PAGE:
Since the person is not an essence, it must therefore be something that cannot be understood as existing on is own; it is not self-subsistent.  If it was self-subsistent, it would have been an essence.  Thus, since it is not an essence, it cannot be understood on its own.  We cannot isolate it.  When you want to speak of a person,  you need to simultaneously refer to another being. You cannot refer to it alone.  Whereas with the essence, you can refer to one, single essence, on its own.  With a person or a hypostasis, you cannot. On the other hand though, it is not an energy either. And why isn’t it an energy?  Because it is not in communion with other beings, so that we can find it elsewhere.  Let’s take a look at this mysterious fabrication.

On' the one hand, the person cannot exist without any communion with other beings, without an association. On the other hand, that which is a person cannot be found in another person,  whereas an energy can. And an energy can be common to both. Nature and essence are both common; however, the essence can also logically be defined on its own. This is what denotes the essence. 

Thus, the person –the hypostasis- denotes an identity, a being, which, albeit unable to exist on its own, cannot be perceived on its own, yet at the same time cannot be found elsewhere. While it cannot exist on its own, at the same time, it cannot be found elsewhere, except in its self.  In other words, its self is so unique, so unprecedented, so much itself, that nobody else can be what it is.  The Father cannot be the Son, or the Spirit.  The Son cannot be the Father, or the Spirit.  The terms: ‘Father’, ‘Son’ and ‘Spirit’ denote different hypostases or persons; they are so unique and unprecedented, that the paradox and most significant thing about them is that they cannot be found in those entities with which they have no association: they simply do not exist. Because, if the Father is not in a relationship with the Son, He ceases to exist.  And even so, He still is not the Son.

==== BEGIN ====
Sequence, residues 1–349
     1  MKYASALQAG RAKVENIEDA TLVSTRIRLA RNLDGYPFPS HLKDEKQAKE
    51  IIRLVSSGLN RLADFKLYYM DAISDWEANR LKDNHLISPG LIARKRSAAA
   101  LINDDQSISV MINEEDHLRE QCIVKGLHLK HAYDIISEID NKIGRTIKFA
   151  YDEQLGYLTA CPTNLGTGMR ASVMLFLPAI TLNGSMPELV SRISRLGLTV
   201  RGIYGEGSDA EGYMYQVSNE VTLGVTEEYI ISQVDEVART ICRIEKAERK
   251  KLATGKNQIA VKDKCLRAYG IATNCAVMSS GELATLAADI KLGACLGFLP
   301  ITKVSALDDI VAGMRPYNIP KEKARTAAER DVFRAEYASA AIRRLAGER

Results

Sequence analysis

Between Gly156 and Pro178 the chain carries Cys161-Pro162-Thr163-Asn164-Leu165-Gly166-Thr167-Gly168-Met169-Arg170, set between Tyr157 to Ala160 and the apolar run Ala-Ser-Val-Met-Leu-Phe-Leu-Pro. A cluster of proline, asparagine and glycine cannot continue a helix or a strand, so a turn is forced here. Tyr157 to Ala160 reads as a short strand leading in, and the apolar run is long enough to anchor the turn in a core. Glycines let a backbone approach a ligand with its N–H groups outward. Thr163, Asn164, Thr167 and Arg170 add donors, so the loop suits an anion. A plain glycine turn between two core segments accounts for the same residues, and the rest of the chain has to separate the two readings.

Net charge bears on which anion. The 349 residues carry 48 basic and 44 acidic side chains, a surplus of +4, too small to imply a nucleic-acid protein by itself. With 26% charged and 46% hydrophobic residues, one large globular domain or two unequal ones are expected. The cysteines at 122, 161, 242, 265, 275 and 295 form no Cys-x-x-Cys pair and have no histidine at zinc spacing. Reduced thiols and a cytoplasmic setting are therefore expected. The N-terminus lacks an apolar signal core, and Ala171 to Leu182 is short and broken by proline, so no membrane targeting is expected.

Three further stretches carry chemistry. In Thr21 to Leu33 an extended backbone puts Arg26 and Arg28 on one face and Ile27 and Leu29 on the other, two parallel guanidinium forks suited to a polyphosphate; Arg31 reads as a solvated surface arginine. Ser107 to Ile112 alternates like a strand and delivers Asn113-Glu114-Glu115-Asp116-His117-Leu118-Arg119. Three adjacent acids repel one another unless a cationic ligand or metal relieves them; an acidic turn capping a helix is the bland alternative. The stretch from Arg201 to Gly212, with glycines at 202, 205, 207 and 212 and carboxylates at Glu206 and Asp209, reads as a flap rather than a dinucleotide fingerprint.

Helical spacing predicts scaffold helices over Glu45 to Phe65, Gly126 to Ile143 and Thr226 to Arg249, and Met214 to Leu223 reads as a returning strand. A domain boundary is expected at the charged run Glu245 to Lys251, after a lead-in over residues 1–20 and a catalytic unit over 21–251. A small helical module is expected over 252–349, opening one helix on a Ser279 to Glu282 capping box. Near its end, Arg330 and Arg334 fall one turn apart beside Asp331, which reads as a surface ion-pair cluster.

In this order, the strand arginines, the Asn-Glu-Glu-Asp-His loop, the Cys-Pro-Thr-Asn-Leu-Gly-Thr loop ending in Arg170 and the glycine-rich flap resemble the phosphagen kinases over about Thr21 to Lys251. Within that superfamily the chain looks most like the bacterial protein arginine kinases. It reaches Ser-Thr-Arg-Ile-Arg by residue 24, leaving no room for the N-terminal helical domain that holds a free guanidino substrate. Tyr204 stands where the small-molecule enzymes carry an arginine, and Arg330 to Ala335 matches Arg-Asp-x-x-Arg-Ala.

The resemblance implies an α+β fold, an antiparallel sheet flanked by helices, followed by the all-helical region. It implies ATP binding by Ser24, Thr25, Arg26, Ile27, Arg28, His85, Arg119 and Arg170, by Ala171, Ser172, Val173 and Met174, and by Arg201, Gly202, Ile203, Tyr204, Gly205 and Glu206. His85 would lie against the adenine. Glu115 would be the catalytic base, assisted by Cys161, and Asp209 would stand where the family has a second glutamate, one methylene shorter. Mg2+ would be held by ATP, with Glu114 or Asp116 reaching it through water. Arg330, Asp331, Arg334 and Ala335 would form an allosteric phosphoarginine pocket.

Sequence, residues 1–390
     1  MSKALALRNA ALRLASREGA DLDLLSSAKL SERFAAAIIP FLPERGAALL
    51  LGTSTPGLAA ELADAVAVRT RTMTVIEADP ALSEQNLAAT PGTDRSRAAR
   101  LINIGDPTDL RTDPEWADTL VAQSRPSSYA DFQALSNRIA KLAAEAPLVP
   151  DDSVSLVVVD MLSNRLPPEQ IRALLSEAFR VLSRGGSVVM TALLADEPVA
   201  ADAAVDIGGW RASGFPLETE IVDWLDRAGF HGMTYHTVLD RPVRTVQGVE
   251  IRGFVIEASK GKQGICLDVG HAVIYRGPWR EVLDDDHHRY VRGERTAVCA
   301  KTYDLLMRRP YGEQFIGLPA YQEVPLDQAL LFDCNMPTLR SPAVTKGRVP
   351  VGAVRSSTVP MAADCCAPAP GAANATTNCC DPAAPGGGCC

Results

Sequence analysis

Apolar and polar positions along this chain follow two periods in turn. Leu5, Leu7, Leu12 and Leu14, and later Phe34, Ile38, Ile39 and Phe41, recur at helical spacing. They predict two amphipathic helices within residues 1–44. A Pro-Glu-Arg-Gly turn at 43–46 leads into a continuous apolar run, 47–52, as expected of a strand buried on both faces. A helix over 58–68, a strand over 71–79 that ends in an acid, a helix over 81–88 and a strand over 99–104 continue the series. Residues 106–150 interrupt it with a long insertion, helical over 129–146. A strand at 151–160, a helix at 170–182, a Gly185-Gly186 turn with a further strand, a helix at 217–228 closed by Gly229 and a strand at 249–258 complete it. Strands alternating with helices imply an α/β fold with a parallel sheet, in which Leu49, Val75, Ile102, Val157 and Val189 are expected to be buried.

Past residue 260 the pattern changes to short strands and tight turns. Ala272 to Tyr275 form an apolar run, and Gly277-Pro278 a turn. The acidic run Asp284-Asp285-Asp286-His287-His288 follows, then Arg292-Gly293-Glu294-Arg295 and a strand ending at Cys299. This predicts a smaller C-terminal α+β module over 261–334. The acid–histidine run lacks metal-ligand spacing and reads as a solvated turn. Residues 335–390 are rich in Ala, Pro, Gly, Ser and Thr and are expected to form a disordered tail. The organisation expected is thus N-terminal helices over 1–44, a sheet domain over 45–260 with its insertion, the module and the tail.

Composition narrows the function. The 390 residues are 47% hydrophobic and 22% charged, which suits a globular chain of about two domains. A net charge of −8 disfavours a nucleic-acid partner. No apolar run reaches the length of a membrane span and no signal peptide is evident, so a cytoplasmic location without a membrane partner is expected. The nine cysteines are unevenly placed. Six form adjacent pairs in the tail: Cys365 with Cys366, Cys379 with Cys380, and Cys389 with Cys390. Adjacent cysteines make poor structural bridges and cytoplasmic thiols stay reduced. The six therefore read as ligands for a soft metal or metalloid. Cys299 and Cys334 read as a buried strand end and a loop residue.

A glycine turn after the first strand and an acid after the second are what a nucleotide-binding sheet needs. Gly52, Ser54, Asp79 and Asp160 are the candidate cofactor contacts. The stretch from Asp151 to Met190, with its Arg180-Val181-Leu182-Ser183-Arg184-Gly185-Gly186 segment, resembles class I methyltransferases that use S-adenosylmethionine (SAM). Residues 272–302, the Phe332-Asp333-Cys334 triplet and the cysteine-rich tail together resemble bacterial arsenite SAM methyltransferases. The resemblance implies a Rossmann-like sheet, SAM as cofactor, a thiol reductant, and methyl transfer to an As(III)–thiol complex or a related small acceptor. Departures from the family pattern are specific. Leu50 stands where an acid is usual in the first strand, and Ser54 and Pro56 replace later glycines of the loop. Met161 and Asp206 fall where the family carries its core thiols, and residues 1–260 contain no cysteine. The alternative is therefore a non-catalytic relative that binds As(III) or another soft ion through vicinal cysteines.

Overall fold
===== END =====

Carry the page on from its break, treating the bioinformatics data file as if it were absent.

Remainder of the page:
That is the person,  i.e., it is the identity that is born of a relationship - of a communion with another entity - which results in non-communing, entities, in the sense that the one entity cannot be found within the other; neither can it be found, if not in any association with the other, because if that relationship is interrupted, then the existence of that person is also interrupted.  So, if the person or the hypostasis is neither an essence nor an energy, then it must not be self-subsistent either; in other words, one cannot refer to the person singly, without relating it to something else, nor refer to it as an energy, in the sense that it can be found inside something else.